Since William Duke of Normandy landed with his troops in Pevensey Bay on 29 September 1066, just a few days before the battle of Hastings that was to make him King of England, nothing much had happened in this part of Sussex until the evening of 13 November 1865. On that particular Monday, around eight o’clock in the evening, William Richards, a coastguardsman at the Pevensey Sluice Station, noticed something floating in the water, about half a mile at sea. Thinking it was an upturned boat, he immediately reported the fact to his superior, chief officer Mr. Bussell, but the wind blowing in the direction of the land the two men soon realised that the “object” was the dead body of a whale which ended up on the beach around eleven p.m. that very night.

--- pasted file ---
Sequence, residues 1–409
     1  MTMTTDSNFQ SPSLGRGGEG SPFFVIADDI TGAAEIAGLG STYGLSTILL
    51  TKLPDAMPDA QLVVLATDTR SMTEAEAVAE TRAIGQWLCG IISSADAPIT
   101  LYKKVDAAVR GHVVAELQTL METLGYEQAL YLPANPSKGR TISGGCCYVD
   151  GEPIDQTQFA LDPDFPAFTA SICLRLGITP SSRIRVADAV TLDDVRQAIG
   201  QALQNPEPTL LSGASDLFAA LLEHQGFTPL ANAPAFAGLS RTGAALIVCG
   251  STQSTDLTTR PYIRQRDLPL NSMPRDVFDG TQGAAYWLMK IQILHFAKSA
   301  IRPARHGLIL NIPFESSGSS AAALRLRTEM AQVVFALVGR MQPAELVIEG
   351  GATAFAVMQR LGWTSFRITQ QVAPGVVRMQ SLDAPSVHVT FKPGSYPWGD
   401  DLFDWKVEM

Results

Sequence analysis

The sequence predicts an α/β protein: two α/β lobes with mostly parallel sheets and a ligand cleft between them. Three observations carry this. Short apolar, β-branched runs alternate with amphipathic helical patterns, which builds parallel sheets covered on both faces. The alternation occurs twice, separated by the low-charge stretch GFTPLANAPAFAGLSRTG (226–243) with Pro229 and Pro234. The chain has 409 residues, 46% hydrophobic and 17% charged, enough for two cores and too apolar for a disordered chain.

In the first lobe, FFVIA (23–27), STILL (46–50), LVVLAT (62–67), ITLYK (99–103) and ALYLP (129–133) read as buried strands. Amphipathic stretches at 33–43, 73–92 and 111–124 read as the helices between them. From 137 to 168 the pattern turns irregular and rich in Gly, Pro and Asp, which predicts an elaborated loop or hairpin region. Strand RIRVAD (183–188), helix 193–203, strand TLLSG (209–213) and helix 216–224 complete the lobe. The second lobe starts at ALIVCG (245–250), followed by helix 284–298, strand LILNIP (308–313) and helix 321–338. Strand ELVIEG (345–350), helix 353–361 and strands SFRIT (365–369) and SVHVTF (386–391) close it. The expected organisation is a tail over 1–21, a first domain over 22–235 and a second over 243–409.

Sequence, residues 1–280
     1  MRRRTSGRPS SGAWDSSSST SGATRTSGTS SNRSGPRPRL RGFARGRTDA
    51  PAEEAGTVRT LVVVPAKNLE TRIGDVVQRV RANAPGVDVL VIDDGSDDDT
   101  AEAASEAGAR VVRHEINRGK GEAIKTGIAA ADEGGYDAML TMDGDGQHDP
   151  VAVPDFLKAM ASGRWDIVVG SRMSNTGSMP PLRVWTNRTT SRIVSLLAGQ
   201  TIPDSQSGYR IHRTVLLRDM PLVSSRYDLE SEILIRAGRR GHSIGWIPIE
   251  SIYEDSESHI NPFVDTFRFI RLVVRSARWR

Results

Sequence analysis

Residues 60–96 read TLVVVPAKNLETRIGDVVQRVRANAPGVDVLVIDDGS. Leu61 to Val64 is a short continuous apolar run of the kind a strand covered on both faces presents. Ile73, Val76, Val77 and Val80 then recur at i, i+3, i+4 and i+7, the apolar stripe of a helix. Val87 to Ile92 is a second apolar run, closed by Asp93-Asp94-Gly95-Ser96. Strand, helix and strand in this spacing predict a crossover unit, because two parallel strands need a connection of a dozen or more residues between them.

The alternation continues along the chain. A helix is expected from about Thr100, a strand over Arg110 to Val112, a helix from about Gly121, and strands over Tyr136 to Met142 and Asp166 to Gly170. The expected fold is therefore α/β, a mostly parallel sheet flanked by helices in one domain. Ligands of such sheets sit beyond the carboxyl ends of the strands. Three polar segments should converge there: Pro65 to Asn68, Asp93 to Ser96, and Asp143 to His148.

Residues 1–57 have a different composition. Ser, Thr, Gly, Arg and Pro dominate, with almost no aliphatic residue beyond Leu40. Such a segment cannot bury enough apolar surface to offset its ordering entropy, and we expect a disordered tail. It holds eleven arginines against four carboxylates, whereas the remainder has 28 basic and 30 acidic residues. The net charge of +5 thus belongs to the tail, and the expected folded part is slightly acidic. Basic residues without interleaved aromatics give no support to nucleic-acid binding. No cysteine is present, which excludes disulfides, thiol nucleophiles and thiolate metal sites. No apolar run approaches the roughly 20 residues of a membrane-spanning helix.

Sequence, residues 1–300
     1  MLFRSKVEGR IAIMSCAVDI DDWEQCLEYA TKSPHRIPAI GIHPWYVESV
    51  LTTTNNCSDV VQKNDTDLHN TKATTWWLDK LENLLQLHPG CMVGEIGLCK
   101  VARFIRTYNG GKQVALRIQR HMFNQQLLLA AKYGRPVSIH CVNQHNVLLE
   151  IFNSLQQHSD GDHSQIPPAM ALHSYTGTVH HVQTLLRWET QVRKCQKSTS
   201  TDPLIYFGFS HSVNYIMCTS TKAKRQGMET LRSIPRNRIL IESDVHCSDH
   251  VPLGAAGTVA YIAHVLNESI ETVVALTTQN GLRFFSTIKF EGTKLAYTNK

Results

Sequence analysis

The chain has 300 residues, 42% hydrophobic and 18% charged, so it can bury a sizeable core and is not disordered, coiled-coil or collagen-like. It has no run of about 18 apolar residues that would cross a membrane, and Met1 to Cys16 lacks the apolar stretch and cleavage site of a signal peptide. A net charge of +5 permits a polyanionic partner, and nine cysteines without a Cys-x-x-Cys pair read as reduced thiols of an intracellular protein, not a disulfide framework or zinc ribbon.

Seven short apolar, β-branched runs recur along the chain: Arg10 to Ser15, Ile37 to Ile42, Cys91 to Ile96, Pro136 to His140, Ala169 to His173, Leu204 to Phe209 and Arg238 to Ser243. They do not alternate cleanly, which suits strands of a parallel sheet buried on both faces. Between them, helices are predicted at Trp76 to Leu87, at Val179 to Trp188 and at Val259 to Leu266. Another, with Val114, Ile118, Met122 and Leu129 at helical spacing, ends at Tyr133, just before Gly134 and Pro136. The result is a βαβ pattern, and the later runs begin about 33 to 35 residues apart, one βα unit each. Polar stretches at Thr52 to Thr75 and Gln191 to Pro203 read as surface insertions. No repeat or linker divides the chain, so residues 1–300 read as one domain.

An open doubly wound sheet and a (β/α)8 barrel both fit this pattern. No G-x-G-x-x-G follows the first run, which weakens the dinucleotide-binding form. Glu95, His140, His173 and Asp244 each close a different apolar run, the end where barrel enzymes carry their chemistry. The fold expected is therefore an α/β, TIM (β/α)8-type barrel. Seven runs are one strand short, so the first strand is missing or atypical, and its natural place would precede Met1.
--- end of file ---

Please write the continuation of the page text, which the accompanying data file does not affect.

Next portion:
A close examination on the following day revealed it was the carcase of a bull fin whale the length of which was estimated at 70 feet (21 m) and its weight at 50 tons. The cetacean had been dead some weeks and was smelling terribly. A deep wound near its left eye, which was generally thought to have been the ultimate cause of its demise, was attributed to either a harpoon, the sharp part of a moving vessel or a fight with a sword-fish. It was conjectured the animal had died in the North Sea and had slowly drifted to it final resting place, pushed by northerly then easterly winds. The news of the gruesome discovery spread like wildfire and one of the first persons to come to the spot – half way between Bexhill and Hastings – was the Mayor of the latter place, Alderman Ross, accompanied by his Deputy-Clerk. The two men laid claim to the carcase on behalf of the Corporation of Hastings under the Cinque Ports Charter but since it was found and left below high water the Crown took possession of it – not without protest – and arranged that it be sold by auction. On Wednesday 15 November, Mr. Ody Wenham, the town crier, announced to the people of Hastings that the carcase would be sold that day at one o’clock and there was such an immediate stampede to the place where the “monster from the deep” was lying that is it was soon impossible to obtain any kind of vehicle, whether fly or carriage. The auctioneer, Mr. Groome, of Rye, conducted the sale before about 500 persons and knocked down the whale for £38 to Mr. Mark Breach, of Hastings, who was in league with a dozen fishermen and fishmongers of the area who had pooled resources to acquire the carcase, the real value of which, on account of the oil that could be get out of it, was first estimated at around £500. There was a steady flow of visitors on the Wednesday, among them some photographers from Hastings who had proceeded to the spot with their equipment in the hope that they could sell photographic cartes-de-visite commemorating this unusual event.